MOGRAHAT, India (Reuters) - An adulterated batch of bootleg liquor has killed at least 125 drinkers in eastern India, with dozens more arriving at a cramped rural hospital with poisoning symptoms.
The deaths come just days after a hospital fire killed 93 people in the same state of West Bengal. Both disasters highlight lax health and safety standards as the nation of 1.2 billion people rapidly modernizes.
Residents of Mograhat, a town about 50 km (31 miles) south of West Bengal’s capital Kolkata, fell severely ill after drinking liquor from several illegal shops. Ambulances brought more patients from villages to the town every few minutes on Thursday.
“He drank the alcohol late in the afternoon yesterday...we didn’t realize his health was deteriorating,” Zamir Sardar said about his 32-year-old uncle Jahangir Sardar, a leather cutter, who passed away on Thursday.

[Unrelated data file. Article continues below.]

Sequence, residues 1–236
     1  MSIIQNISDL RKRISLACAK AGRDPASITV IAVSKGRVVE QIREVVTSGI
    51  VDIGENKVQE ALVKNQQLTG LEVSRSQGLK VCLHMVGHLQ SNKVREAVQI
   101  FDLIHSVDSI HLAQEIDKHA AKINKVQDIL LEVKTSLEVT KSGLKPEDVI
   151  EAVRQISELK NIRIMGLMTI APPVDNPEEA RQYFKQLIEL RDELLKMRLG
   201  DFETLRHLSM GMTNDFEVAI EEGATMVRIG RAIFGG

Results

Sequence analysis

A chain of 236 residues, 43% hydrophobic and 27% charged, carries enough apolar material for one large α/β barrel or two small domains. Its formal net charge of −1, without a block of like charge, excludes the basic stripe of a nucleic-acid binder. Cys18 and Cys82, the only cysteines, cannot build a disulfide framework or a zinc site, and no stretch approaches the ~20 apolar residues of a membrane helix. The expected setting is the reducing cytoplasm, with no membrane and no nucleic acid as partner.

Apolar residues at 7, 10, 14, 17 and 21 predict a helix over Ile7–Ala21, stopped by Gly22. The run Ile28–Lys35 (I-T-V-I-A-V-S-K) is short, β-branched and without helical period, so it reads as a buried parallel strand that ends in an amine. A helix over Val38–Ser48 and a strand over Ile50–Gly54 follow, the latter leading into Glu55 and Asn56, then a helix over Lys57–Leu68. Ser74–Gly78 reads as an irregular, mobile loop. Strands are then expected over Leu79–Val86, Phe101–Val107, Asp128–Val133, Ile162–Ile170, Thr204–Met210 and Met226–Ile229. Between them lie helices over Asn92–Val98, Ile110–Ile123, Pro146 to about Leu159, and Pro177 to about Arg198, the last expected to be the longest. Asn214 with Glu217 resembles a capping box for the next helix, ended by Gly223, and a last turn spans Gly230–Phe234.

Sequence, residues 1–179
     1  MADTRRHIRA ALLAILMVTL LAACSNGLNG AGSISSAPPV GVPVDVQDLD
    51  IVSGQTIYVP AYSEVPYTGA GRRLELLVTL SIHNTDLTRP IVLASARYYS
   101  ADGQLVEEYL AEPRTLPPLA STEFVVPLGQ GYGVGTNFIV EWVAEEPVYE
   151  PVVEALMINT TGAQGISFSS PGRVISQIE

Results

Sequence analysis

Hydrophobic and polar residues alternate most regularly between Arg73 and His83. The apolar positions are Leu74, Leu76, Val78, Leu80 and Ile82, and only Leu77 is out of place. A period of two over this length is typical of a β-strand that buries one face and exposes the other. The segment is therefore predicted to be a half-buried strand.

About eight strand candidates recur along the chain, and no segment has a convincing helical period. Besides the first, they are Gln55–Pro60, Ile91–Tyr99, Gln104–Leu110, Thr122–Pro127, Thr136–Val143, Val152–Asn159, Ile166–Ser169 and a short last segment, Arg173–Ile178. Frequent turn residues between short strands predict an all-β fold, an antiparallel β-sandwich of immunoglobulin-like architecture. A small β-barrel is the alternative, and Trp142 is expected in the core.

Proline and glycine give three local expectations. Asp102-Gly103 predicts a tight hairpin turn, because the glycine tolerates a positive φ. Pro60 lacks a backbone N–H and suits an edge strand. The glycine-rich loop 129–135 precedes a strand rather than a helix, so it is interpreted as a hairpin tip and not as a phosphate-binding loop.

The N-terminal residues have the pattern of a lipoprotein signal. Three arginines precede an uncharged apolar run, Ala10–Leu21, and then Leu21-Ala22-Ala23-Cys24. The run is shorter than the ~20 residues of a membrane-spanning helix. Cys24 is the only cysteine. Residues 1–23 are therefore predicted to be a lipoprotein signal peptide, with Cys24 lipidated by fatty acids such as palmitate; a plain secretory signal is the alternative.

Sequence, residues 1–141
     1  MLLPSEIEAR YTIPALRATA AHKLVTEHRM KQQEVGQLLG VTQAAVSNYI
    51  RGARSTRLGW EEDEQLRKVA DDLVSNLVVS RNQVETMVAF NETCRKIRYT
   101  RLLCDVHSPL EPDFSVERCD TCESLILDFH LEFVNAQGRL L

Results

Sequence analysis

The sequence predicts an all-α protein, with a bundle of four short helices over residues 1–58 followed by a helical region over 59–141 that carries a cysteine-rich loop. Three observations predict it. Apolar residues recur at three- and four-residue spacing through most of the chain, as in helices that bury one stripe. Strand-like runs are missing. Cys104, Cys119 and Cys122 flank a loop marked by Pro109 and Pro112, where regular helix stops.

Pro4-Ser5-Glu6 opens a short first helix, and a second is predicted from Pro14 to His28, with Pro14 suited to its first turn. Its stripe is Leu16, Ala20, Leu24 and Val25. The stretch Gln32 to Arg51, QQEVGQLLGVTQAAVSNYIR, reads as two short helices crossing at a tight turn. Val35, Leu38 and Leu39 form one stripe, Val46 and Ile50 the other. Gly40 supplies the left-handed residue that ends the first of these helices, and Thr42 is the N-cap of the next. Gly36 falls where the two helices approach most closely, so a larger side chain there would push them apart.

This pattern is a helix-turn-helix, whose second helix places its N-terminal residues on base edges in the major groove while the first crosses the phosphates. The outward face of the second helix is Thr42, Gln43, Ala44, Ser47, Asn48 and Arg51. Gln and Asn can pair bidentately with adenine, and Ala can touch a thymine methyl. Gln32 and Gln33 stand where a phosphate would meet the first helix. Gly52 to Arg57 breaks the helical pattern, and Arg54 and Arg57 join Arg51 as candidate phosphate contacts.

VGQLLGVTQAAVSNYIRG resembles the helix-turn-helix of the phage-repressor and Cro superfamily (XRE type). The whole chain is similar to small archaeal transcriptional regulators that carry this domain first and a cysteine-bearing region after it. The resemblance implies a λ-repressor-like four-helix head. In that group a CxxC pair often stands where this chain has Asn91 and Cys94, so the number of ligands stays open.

“In the morning, his condition seemed very unusual, he cried out in pain. Then we brought him to the hospital as soon as we could, but he passed away within a couple of hours,” he told Reuters on Thursday.
The victims were mostly poor laborers, rickshaw drivers and hawkers, the news channel CNN-IBN reported. It put the death toll at 131 people.
Half-conscious patients were carried into hospitals on stretchers, and treated on the floor as there were not enough beds.
A senior hospital official, who did not want to be quoted by name, said patients were in critical condition. “More and more victims are coming. Many are waiting for treatment, but with a lack of beds it’ll take time to manage,” the official told Reuters by phone.
Mass deaths from drinking moonshine are common in India, where the poor often drink “country liquor” which is cheaper than alcohol from licensed shops.
Reporting by Annie Banerji in NEW DELHI and Rupak De Chowdhuri in MOGRAHAT; Writing by Frank Jack Daniel; Editing by Yoko Nishikawa